These days you can’t turn on your television, open a newspaper, or check out an online news site without seeing stories that make you shiver.
Just this year, we’ve seen abandoned baby skeletons found on beaches, children murdered and stuffed into suitcases, pre-schoolers stabbed, and babies beaten and burned for seemingly no reason.
It makes you wonder: is it any surprise we’re a generation of helicopter parents?
News stories like these are enough to strike fear into the heart of even the most reasonable and calm parents. Yes, we know that the chances of something like that happening to our kids are low, but the fear remains. What about that small risk? The percentage chances are still there, even if we’d rather not think about them. Better safe than sorry right?
So we monitor our children, watch them all the time, manage their days and make sure they’re getting all the enrichment they can while not spending too much time in the dangerous wilds of the world. It’s the best we can do, isn’t it?
In the wake of a tragedy in which a child lays at the centre, people often question if the world is a harsher place than it used to be. We reminisce about the seemingly carefree days of our own youth. Long days spent unsupervised in public parks, riding bikes with friends around safe neighbourhoods, dropping into various houses just to hang out. We were told by our parents to be home by dark, and perhaps not to talk to strangers, but it never seemed so insidious as it does now. It was more of an after thought than a warning.
Now, we coach our kids about how to say no, about telling their parents when bad things happen, and about so many other things that we just never thought we’d have to do. And we watch them so closely, trying to walk the blurred line between carefree childhood and safety. But is it really our fault? Parental panic seems to be growing every year, but surely, the world can’t be getting worse and worse. It seems to us that there’s something else behind the change, something pervasive and difficult to keep out of our lives.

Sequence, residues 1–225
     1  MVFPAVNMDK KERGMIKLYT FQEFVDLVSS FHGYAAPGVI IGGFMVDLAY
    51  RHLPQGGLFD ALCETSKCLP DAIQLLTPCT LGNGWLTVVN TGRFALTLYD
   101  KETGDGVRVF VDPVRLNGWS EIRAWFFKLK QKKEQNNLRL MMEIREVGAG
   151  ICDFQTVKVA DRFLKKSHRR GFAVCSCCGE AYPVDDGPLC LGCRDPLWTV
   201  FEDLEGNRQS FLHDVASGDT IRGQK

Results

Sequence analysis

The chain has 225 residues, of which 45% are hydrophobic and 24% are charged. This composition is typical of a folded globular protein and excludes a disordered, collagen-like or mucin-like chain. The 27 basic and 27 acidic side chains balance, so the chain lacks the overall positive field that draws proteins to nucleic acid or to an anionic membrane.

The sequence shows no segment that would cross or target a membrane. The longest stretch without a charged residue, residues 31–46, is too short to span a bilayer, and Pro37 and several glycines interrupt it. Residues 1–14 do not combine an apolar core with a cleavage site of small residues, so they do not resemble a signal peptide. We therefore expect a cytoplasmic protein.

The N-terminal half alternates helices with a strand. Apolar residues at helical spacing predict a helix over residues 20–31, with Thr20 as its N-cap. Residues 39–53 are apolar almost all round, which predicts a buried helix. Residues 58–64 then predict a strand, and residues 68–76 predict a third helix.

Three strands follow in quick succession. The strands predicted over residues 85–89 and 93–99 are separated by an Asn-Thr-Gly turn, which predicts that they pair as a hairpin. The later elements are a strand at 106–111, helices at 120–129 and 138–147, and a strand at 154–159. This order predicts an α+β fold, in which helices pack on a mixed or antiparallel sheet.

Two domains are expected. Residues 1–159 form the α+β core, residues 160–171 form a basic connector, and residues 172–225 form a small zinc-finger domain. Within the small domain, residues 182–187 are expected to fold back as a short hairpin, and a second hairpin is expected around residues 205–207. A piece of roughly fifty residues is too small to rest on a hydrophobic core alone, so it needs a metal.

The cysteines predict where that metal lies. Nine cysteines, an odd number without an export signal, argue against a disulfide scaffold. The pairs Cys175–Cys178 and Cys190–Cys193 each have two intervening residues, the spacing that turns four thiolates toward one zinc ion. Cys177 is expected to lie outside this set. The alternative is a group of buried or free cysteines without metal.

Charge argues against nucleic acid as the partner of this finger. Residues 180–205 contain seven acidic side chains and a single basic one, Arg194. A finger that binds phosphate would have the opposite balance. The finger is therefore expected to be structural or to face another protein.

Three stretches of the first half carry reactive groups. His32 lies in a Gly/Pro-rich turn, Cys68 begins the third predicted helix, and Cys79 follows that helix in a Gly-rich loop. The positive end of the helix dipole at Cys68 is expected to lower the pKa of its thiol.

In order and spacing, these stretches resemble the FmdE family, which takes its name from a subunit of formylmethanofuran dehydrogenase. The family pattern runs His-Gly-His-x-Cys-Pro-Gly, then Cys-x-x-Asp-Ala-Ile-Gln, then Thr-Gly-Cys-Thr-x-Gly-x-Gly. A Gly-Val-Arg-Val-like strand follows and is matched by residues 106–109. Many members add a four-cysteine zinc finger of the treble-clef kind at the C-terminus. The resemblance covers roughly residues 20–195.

It’s All About The Media
News is all around us. We see it on televisions, it’s printed in newspapers and magazines, and it’s accessible all the time, thanks to smartphones and internet access on computers. At its core, news (and other forms of media) is intended to inform us about what’s happening in the world, let us know how things pan out and what is unfolding in our neighbourhoods, towns and countries.
In reality, news has become a vehicle for fear and panic, drawing intense attention to horror stories that represent the exception instead of the rule. It works by encouraging suspicion, nightmares and anxiety over the safety of our children the moment they’re out of our sight. Why? Well it’s hard to say. Certainly, drama and crime really sells, which means more money for the station, more people watching the ads that show in between the news, and more power to the broadcasters to show yet more scary news. But is this worth what kids are missing out on because their parents are anxious worrywarts always looking for the next threat?
Being A Conscious Consumer
Now, we aren’t saying that parents should stop watching the news all together.
There’s a benefit to knowing what’s happening in your area, and around the world. Being aware of these happenings is a part of being a member of society However, there is a way to ensure that you don’t get caught up in the hype. In particular with news, it’s all about being a conscious observer to the stories, and reading between the lines of the truth and media’s spin. Don’t get drawn in by dramatic language and exaggerated retellings of stories that in the past probably wouldn’t have made headlines at all. There’s no such thing as unbiased media, with people on all levels having their own specific agenda. It’s not perfect, but there’s no reason for kids to suffer from it either.
At the end of the day, being a parent means walking a tightrope between what’s right for your own anxiety and what’s right for your kids. Children need space to develop their own independence and form the complex personalities that will carry them into adulthood. Being a helicopter parent means risking your child’s future independence. Is that really worth it if all you’re protecting them from is an invented fear made real by a constant barrage of media coverage?
That’s what we thought.